I come from a long line of sign writers and am happiest with a brush and some paint! Add
paint to fabric and I get really excited!!

Monday, February 4, 2013

Spaced out on pantographs

One thing about quilting for yourself is that you end up having a lot of binding to sew on. I am currently finishing two quilts right now - one I quilted with a freehand design and the other is my first pantograph. For anyone unfamiliar with the term, a pantograph pattern is a to-size pattern that you lay at the back of your longarm. Using a laser, you trace the panto from the back while your machine simultaneously stitches this pattern on your quilt at the front. It can also be referred to as edge to edge quilting.

When you buy an APQS longarm, an assortment of goodies is included: some needles, bobbins, batting samples and a couple of pantographs. The pantos I received didn’t suit the top I was working on, so I photocopied one I liked from a book I had purchased, taped the pages together and stitched away! The next top I have chosen to quilt is a space themed quilt that I made with artwork created by my children when they were very young. They drew space pictures with discharge dye paints and I built on a selection of these drawings to create a top. As always, I had great intentions at the time. Somehow time got away from me and it has languished on a shelf ever since. This seemed as good a time as any to load it on my machine and get it done.

Since I had just successfully used a pantograph and was happy with the results and the time invested in quilting, I decided I would use one for this quilt. All good practice! I am not sure how panto designs are generally created, but this is how I created mine. I drew some space objects in pencil, cleaned them up with sharpie marker, created a flowing design with these elements on two pages. When I was satisfied that my design did indeed flow and could be continuous line quilted, I photocopied the pages and then built up my design. To make sure I had good design spacing with balanced negative space between the rows, I laid out the pages so that I could adjust the design if necessary. I did have to make one adjustment which I made on all necessary pages with a different colored marker.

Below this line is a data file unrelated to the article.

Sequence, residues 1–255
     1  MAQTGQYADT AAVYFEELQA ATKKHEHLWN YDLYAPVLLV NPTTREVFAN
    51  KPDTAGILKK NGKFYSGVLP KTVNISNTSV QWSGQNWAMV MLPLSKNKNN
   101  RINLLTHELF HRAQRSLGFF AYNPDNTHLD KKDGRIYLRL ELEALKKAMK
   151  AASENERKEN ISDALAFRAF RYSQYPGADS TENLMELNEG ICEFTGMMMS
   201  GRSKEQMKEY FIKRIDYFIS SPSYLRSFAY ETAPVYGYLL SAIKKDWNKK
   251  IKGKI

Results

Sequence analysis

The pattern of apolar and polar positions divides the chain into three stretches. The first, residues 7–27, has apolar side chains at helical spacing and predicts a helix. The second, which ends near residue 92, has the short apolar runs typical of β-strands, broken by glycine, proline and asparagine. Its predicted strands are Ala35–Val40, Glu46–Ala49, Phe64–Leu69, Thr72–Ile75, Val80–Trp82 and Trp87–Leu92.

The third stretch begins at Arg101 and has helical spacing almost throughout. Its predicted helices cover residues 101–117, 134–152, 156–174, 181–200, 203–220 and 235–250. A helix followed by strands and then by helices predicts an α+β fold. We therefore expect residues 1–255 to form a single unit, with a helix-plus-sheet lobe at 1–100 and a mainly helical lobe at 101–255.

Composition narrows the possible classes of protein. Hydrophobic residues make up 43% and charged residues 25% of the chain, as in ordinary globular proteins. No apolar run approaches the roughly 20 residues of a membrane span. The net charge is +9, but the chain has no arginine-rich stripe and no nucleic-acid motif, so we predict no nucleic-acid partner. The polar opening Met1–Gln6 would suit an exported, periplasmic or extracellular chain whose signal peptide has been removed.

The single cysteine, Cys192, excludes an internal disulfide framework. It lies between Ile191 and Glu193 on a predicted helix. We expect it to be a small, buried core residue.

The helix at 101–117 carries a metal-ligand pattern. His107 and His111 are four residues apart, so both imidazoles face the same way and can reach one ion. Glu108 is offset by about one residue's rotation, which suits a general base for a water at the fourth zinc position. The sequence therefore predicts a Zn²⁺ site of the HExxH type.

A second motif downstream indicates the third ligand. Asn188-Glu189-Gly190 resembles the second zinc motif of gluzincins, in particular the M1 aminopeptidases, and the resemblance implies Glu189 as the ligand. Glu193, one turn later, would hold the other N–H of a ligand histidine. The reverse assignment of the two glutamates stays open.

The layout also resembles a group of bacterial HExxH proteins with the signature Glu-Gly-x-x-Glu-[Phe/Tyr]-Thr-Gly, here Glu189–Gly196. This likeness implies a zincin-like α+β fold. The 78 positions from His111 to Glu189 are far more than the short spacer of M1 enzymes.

The placement of the second row is only for design purposes at this point- I am studying the positive and negative areas for design flaws

Tomorrow I will start the quilting as an alternative to sewing binding on. I am looking forward to seeing how well my design quilts up.


  1. I think your space panto looks awesome. Maybe this us the start of something new? You seem to be a natural.

  2. Very cool Jennifer! An awesome personal touch to your quilt.

  3. Thanks, Linda! I am anxious to see how it turns out!